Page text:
Primate Monocytes - CD14, CD16 - Ziegler-Heitbrock


Recombinant Fasciola hepatica Fatty Acid Binding Protein as a Novel Anti-Inflammatory Biotherapeutic Drug in an Acute Gram-Negative Nonhuman Primate Sepsis Model.


Due to their phylogenetic proximity to humans, nonhuman primates (NHPs) are considered an adequate choice for a basic and preclinical model of sepsis. Gram-negative bacteria are the primary causative of sepsis. During infection, bacteria continuously release the potent toxin lipopolysaccharide (LPS) into the bloodstream, which triggers an uncontrolled systemic inflammatory response leading to death. Our previous research has demonstrated in vitro and in vivo using a mouse model of septic shock that Fh15, a recombinant variant of the Fasciola hepatica fatty acid binding protein, acts as an antagonist of Toll-like receptor 4 (TLR4) suppressing the LPS-induced proinflammatory cytokine storm. The present communication is a proof-of concept study aimed to demonstrate that a low-dose of Fh15 suppresses the cytokine storm and other inflammatory markers during the early phase of sepsis induced in rhesus macaques by intravenous (i.v.) infusion with lethal doses of live Escherichia coli. Fh15 was administered as an isotonic infusion 30 min prior to the bacterial infusion. Among the novel findings reported in this communication, Fh15 (i) significantly prevented bacteremia, suppressed LPS levels in plasma, and the production of C-reactive protein and procalcitonin, which are key signatures of inflammation and bacterial infection, respectively; (ii) reduced the production of proinflammatory cytokines; and (iii) increased innate immune cell populations in blood, which suggests a role in promoting a prolonged steady state in rhesus macaques even in the presence of inflammatory stimuli. This report is the first to demonstrate that a F. hepatica-derived molecule possesses potential as an anti-inflammatory drug against sepsis in an NHP model. IMPORTANCE Sepsis caused by Gram-negative bacteria affects 1.7 million adults annually in the United States and is one of the most important causes of death at intensive care units. Although the effective use of antibiotics has resulted in improved prognosis of sepsis, the pathological and deathly effects have been attributed to the persistent inflammatory cascade. There is a present need to develop anti-inflammatory agents that can suppress or neutralize the inflammatory responses and prevent the lethal consequences of sepsis. We demonstrated here that a small molecule of 14.5 kDa can suppress the bacteremia, endotoxemia, and many other inflammatory markers in an acute Gram-negative sepsis rhesus macaque model. These results reinforce the notion that Fh15 constitutes an excellent candidate for drug development against sepsis.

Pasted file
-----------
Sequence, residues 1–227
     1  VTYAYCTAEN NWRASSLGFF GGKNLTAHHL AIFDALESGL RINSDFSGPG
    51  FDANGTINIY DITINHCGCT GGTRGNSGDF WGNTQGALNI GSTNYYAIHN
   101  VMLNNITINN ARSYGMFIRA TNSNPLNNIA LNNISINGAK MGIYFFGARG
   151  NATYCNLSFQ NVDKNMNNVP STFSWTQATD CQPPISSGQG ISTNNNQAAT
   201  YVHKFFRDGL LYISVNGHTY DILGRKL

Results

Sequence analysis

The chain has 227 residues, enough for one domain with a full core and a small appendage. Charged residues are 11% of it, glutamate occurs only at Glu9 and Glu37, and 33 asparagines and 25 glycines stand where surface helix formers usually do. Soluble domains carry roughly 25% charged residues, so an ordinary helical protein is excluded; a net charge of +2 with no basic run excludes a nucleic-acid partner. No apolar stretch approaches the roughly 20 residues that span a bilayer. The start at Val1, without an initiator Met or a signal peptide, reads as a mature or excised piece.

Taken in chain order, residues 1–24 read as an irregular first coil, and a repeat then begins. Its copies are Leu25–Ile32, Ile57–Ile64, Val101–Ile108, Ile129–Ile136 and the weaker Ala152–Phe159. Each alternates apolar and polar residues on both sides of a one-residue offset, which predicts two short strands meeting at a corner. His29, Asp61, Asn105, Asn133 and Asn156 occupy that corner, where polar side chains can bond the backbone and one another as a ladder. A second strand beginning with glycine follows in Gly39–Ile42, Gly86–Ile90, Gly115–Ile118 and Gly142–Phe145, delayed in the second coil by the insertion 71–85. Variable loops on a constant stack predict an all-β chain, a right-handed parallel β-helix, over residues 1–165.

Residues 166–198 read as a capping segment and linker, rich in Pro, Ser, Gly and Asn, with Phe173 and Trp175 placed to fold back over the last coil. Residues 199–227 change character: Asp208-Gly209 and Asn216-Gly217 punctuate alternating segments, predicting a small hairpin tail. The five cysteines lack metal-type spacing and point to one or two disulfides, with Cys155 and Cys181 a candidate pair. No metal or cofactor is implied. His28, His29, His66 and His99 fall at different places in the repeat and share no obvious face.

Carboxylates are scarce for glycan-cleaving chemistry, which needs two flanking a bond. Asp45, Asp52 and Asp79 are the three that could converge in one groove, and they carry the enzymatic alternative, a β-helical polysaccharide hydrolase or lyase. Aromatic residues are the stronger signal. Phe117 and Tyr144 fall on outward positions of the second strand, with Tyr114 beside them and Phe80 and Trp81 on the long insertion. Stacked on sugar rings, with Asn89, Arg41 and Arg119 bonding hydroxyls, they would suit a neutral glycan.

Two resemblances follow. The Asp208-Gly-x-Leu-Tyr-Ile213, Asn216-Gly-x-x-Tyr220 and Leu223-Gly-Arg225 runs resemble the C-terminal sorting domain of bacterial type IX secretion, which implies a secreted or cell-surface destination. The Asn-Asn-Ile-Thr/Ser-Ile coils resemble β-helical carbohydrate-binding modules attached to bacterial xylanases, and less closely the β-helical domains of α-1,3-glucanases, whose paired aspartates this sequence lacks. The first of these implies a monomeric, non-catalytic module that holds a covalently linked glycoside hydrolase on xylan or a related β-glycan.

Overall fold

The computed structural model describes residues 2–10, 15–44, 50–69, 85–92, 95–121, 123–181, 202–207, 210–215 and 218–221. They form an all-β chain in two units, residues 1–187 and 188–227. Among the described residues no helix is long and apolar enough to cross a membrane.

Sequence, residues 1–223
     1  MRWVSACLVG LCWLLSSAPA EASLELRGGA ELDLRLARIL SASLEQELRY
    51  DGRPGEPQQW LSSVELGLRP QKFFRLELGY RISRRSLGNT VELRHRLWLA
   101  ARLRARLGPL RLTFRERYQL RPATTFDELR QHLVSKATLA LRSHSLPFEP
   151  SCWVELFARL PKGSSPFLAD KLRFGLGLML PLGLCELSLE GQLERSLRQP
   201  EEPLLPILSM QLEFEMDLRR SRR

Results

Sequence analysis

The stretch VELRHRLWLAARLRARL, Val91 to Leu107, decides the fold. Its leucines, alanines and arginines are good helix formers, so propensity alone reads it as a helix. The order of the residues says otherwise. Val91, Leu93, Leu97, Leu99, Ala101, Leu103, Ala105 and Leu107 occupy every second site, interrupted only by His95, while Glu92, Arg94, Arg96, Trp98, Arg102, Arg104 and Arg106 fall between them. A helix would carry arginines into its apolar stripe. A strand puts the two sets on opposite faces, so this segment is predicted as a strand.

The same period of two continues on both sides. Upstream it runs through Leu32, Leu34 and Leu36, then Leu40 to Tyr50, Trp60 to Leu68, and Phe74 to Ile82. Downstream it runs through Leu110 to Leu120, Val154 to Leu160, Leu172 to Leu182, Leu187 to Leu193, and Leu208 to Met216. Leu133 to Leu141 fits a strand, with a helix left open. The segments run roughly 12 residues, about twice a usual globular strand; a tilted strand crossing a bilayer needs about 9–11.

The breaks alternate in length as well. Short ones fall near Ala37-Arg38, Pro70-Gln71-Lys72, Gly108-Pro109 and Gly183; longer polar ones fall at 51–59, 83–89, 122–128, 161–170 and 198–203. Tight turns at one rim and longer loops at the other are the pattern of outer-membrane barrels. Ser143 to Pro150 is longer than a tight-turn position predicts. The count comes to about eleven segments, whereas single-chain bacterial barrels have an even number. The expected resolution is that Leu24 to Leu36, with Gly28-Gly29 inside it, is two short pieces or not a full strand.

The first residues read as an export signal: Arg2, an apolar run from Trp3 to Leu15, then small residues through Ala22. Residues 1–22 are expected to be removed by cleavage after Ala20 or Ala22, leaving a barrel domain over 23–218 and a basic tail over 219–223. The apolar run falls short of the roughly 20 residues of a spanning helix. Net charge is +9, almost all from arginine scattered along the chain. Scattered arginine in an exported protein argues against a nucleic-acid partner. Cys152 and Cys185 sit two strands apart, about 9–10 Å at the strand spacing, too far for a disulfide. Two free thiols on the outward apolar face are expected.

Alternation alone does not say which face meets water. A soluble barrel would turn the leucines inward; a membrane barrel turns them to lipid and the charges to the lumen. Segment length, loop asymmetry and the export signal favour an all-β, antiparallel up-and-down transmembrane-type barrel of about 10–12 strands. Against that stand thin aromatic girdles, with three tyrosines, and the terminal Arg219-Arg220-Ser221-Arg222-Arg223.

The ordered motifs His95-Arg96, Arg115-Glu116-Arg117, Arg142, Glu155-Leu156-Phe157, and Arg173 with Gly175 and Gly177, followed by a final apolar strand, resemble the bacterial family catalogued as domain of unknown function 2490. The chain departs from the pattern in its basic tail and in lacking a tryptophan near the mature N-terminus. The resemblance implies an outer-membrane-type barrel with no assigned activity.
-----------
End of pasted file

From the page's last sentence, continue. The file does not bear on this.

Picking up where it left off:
Authors: Rosado-Franco JJ, Armina-Rodriguez A, Marzan-Rivera N, Burgos AG, Spiliopoulos N, Dorta-Estremera SM, Mendez LB, Espino AM,
Journal: Microbiol Spectr;2021Dec22; 9 (3) 0191021. doi:10.1128/Spectrum.01910-21
Year: 2021
PubMed: PMID: 34937173 (Go to PubMed)